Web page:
According to Sen. John F. Kerry's new middle-class misery index, Americans are certifiably miserable after three years under President Bush. The best part is: Kerry's advisers had to cook up a new index in order to make Americans miserable.
What's wrong with the old "misery index," made famous when Jimmy Carter used it so effectively to oust President Gerald Ford? That statistic added inflation to the unemployment rate, so it is too positive to use against Bush. The index was 13.5 in 1976. Exit Ford. Now, according to The Wall Street Journal, it is a very low 7.7. Exit Kerry.
Tom Campbell, dean of University of California-Berkeley's Haas School of Business, noted that 7.7 looks darn good when you consider that in 1996 "President Clinton was re-elected with a misery index of 8.4." Americans may have become inured to low unemployment, so that today's 5.7 percent rate doesn't impress voters as it used to. When Ronald Reagan ran for re-election, Campbell observed, "It was morning in America, and in 1984, unemployment was 7.5 percent."
Kerry's index includes seven items: median family income, public college tuition, health costs, gasoline prices, bankruptcies, home-ownership rate and private-sector job growth. Economist Robert Reich, now a visiting professor at UC Berkeley, didn't write Kerry's version of "Les Miserables" but is said to be the author of Kerry's compelling health-care plan. Reich defended the new index, noting that "economists have been tinkering with the idea for many years."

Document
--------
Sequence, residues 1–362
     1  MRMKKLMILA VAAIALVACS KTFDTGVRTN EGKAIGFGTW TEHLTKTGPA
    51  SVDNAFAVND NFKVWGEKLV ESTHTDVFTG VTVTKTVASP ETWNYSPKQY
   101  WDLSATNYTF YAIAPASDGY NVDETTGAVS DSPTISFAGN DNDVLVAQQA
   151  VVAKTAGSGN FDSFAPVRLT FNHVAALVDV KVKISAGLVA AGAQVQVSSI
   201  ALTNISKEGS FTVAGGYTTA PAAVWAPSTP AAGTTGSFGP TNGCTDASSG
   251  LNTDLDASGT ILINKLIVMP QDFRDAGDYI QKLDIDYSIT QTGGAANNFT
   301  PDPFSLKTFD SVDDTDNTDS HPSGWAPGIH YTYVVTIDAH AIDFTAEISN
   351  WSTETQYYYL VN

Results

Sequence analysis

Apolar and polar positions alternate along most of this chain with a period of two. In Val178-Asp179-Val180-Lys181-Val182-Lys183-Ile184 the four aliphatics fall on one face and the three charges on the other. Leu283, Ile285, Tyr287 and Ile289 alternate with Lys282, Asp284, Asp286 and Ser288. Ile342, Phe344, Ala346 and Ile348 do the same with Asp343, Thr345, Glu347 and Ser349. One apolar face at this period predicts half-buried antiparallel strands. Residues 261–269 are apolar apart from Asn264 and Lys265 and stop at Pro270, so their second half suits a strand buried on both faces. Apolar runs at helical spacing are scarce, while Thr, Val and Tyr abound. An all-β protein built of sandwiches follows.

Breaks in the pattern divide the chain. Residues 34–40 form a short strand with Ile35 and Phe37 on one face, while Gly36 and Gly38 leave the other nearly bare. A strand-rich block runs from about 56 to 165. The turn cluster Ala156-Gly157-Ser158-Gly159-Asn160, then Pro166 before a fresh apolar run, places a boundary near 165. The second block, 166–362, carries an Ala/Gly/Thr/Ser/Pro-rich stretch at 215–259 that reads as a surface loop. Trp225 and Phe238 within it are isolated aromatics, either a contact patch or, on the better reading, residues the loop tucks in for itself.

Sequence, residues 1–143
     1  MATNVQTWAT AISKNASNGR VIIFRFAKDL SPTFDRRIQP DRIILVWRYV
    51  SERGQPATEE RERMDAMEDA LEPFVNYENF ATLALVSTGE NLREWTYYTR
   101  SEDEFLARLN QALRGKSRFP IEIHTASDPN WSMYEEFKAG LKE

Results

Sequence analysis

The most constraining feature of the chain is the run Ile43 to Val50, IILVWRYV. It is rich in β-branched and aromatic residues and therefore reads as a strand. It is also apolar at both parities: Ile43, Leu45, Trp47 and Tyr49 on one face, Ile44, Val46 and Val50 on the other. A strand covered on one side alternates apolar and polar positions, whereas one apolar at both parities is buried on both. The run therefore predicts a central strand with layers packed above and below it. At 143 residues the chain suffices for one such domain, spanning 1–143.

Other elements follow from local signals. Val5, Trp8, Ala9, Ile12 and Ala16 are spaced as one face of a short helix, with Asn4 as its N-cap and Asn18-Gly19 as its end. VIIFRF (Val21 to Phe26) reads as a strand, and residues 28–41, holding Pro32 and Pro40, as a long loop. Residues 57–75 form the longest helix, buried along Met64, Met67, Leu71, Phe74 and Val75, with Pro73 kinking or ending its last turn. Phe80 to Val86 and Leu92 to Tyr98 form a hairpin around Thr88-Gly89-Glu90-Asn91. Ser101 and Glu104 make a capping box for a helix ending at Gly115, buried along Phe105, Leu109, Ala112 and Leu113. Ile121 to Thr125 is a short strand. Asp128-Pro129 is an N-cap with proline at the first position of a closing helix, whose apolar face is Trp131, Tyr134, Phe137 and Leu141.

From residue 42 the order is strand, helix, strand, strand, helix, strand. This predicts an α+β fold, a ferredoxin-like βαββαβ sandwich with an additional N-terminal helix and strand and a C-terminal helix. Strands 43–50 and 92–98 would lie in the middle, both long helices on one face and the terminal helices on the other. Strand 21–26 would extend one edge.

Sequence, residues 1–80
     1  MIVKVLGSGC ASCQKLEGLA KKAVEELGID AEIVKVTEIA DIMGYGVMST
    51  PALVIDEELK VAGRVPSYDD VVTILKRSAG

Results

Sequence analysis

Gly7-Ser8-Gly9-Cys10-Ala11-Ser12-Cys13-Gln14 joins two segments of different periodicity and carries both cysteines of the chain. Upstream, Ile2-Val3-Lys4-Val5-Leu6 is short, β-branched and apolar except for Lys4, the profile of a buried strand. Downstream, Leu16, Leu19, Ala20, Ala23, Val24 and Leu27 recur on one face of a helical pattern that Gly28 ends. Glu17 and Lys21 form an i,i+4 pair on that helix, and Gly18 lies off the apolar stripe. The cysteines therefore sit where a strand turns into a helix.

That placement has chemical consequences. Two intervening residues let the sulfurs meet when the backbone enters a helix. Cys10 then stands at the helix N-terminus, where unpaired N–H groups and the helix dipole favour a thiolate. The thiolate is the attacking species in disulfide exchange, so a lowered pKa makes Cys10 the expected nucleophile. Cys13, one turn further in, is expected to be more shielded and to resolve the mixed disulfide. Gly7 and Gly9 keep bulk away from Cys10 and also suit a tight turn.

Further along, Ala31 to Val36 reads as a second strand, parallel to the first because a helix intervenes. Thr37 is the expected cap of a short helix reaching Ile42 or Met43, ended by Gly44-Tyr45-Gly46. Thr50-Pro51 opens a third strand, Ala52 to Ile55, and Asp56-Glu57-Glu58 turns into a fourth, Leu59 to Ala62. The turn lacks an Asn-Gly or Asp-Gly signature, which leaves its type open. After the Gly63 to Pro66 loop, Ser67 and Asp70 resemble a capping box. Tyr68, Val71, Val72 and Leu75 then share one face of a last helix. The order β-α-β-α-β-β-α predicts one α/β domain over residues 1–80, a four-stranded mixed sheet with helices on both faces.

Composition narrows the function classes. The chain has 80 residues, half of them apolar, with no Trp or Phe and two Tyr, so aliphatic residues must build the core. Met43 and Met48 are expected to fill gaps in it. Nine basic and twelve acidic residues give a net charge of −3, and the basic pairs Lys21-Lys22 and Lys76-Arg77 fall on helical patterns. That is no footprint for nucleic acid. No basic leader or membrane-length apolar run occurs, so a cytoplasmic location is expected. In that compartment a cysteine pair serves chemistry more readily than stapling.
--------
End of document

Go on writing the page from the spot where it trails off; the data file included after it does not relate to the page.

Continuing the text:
According to Reich, a true jobs recovery is still far away. The low unemployment rate doesn't gauge the quality of jobs. The growing federal deficit is problematic. Health-care costs are up and going higher. College tuition has risen dramatically. And: "Most Americans don't need the misery index to know how much worse off they are than they were four years ago."
OK, but if voters don't need a number to know they're miserable, why make one up? I'll add: Not long ago, the Clinton administration was crowing, with reason, about low unemployment, and it wasn't handwringing over the quality of jobs. Reich is correct that the federal deficit is problematic, but it's not included in the Kerry "miz" index. Health-care costs are up, true, but that's because people are getting better care.
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